by Allan Bird 10/16/2008
I attended one of the most enlightening Webinars yesterday, put on by Automotive News. It featured a presentation by Avinash Kaushik, an analytics evangelist for Google. He discussed what he described as the "Head and Long Tail Concept" which basically showed how most sites simply concentrate on the main keywords, such as the OEM Brand or Dealerships name etc as a way for customers to find them. While this is very necessary it only scratches the surface of what is available out there. The great differentiator is to invest some time in finding out who your demographic is and going after them with keywords that are of interest to that particular clientele. He also spoke of learning what is actually happening when people come to your website. Yes leads and sales are important, but what is working and not working on your site is worth it's weight in gold to a company. If people are concentrating on a particular element, why not highlight that and make it easier for them to find. An example may mean that some information on the 3rd page of your site is the trigger that gets someone to submit a lead, or make an appointment, or fill out a credit app. Get that content on the first page of your site.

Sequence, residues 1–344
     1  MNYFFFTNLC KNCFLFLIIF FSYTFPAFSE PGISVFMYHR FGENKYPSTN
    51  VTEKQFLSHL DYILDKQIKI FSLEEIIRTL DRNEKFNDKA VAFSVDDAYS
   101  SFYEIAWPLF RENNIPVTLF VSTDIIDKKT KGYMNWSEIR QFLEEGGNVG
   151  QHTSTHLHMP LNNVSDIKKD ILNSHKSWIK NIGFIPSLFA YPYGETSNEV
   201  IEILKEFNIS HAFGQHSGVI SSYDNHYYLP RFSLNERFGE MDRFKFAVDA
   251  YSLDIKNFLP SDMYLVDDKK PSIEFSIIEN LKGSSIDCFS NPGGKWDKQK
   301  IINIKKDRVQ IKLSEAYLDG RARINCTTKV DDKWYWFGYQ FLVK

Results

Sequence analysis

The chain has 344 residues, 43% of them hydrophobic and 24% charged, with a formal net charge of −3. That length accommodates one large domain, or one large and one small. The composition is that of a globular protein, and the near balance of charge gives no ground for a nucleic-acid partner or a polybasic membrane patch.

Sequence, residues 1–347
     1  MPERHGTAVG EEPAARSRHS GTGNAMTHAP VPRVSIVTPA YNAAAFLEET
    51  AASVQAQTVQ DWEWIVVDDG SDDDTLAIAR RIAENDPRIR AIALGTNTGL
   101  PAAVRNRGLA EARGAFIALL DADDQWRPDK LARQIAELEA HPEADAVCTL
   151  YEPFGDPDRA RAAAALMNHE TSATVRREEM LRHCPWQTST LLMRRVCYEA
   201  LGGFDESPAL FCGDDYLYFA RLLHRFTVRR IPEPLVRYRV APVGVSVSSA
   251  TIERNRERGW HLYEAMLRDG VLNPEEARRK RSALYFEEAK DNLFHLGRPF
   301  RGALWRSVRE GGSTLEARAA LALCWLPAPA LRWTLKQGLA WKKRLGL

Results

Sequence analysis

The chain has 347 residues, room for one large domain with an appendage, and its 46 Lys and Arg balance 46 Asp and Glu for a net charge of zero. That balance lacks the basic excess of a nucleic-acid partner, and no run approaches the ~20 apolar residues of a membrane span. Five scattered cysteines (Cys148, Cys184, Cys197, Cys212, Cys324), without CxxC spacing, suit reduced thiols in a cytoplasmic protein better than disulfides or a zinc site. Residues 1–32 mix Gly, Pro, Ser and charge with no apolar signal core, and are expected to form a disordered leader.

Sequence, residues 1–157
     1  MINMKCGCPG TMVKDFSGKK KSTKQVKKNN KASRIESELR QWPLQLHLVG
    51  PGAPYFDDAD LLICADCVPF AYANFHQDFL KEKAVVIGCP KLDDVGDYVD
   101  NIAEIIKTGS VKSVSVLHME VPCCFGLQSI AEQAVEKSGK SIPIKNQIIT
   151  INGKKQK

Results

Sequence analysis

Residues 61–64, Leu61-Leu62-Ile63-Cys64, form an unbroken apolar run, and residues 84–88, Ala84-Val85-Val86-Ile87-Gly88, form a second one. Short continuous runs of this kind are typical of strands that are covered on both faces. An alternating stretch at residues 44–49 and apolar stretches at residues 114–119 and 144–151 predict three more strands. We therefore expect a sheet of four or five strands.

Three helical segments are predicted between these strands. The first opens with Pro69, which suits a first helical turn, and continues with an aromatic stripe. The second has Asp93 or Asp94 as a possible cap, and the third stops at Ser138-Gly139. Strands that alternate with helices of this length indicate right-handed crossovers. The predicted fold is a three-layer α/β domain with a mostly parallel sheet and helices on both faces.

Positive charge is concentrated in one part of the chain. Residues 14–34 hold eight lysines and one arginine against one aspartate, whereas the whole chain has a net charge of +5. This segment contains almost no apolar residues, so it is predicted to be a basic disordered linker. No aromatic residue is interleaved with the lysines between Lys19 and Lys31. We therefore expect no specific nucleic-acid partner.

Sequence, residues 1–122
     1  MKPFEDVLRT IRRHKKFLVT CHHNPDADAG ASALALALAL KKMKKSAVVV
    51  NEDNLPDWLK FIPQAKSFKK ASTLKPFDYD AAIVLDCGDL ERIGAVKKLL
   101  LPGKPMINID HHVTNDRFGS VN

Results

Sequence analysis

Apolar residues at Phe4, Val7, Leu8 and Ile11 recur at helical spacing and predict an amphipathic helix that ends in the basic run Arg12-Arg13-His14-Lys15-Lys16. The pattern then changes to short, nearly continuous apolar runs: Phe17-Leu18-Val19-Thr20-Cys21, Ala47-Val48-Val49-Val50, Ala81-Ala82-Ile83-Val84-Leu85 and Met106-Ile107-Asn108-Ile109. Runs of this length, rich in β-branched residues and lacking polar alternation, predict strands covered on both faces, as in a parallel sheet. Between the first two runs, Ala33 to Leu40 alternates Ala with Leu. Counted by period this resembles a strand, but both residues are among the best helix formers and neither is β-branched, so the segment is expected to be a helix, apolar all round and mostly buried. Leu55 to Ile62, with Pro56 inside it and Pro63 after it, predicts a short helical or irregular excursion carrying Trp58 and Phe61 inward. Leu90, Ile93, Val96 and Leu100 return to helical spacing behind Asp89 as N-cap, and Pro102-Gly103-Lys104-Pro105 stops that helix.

Who comes back to your site again and again and what do they do when they get there?
Do you know ?
Yet there are tools available to tell you exactly that.
Dealers spend 90% of their money on the "head" and not the tail. Why not learn more about your customers and spread out the investment, in fact reduce the dollars spent and drive a higher number of customers to your site by purchasing less popular keywords that attract more people? Seems like a winner to me.
Another concept that got my attention was that most website content is decided in the end by the "Hippo" in the company or the Higest Paid Person's Opinion, who may or may not have a clue. It is hard to buck that person though as they generally sign the paychecks. Again you can quickly test out an idea by posting differnet types of content and then measuring the results to prove or disprove an opinion quickly and scientifically rather than emotionally.